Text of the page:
How to watch: 5 a.m. to 2 p.m. on the Tennis Channel and 11 a.m. onward on NBC; streaming on the Tennis Channel app and NBCSN app.
Two first-time semifinalists at Roland Garros will square off, while two Grand Slam champions will meet in the other match on Philippe Chatrier Court, with all four players seeking their first appearance in a French Open final. With a guarantee that a first-time French Open champion will be crowned, nerves may be on edge, but the quality of tennis will surely be superb.
Here is what to watch for in Thursday’s semifinals:
Because of the number of matches cycling through courts, the times for individual matchups are at best a guess and are certain to fluctuate based on the times at which earlier play is completed. All times are Eastern.
PHILIPPE CHATRIER COURT | 9 A.m.
Iga Swiatek vs. Nadia Podoroska
Swiatek, 19, has been having an exceptional French Open. She has advanced to both the singles and the doubles semifinals with little resistance. She has not dropped a set in her nine matches across both competitions, playing doubles with Nicole Melichar of the United States. Swiatek has seemed entirely at home in the cold-weather conditions and on clay, her favored surface.
Swiatek’s game is fractal, with each facet seemingly hiding another layer of creativity. Even if her ball placement is the most constant part of her game, a powerful backhand down the line can upend any opponent who would prefer to get into extended angled rallies.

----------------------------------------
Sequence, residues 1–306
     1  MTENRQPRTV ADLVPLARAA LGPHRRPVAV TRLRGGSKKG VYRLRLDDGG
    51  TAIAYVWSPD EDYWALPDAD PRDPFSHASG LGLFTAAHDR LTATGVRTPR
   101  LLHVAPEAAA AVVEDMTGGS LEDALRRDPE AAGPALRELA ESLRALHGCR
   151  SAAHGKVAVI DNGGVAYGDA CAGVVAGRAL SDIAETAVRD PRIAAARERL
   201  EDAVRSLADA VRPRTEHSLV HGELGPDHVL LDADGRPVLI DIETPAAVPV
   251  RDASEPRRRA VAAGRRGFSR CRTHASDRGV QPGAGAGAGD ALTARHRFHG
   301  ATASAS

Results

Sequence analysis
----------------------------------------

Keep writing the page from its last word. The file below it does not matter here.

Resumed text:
Podoroska is the first qualifier to reach a women’s semifinal at the French Open in the Open era and the first to do so at any Grand Slam event since Alexandra Stevenson did it at Wimbledon in 1999. In her quarterfinal victory over Elina Svitolina, the third seed, Podoroska moved forward into the court frequently, disrupting the time that Svitolina needed to set up her powerful groundstrokes.
No qualifier has ever reached a Grand Slam final on either the men’s or women’s side, so it would be a remarkable achievement for Podoroska. But in her way is Swiatek, who has said that not getting into tournaments on wild cards as a promising junior made her more confident, knowing that when she made it to this stage, she would deserve it. That belief in herself could easily propel her onto the grandest stage against a former Grand Slam champion from the other half of the draw.
PHILIPPE CHATRIER COURT | 10:30 a.m.
Sofia Kenin vs. Petra Kvitova
Kenin, the 2020 Australian Open champion, is now the highest seed remaining in the women’s singles draw. Although she has been pushed to three sets in most of her matches, her backhand has seemed impossible to work past. Kenin has the ability to hit hard, driven groundstrokes or use the same backswing to hit perfect drop shots, not allowing opponents to set themselves properly before needing to change direction rapidly.
Kvitova, the Wimbledon champion in 2011 and 2014, has reached only her second French Open semifinal. With a relatively easy draw, she has yet to drop a set on the way to the quarterfinals. Kvitova tends to enjoy quick surfaces that compliment her fast serves and flattened groundstrokes.
At this year’s French Open, in the colder weather, the bounces have been unusually low, favoring Kvitova’s playing style. But she has not faced an opponent like Kenin, who is capable of redirecting the pace of her shots. Kvitova may be the more experienced player, but Kenin has had a better year, with a 16-1 record at Grand Slam events in 2020.
Expect that Kvitova will attempt to hit through the ball a bit more than she has in her previous matches because of Kenin’s superior movement. The mental game will be ever-present, as both players know the winner will be favored in a final against an opponent who has not flown this high before.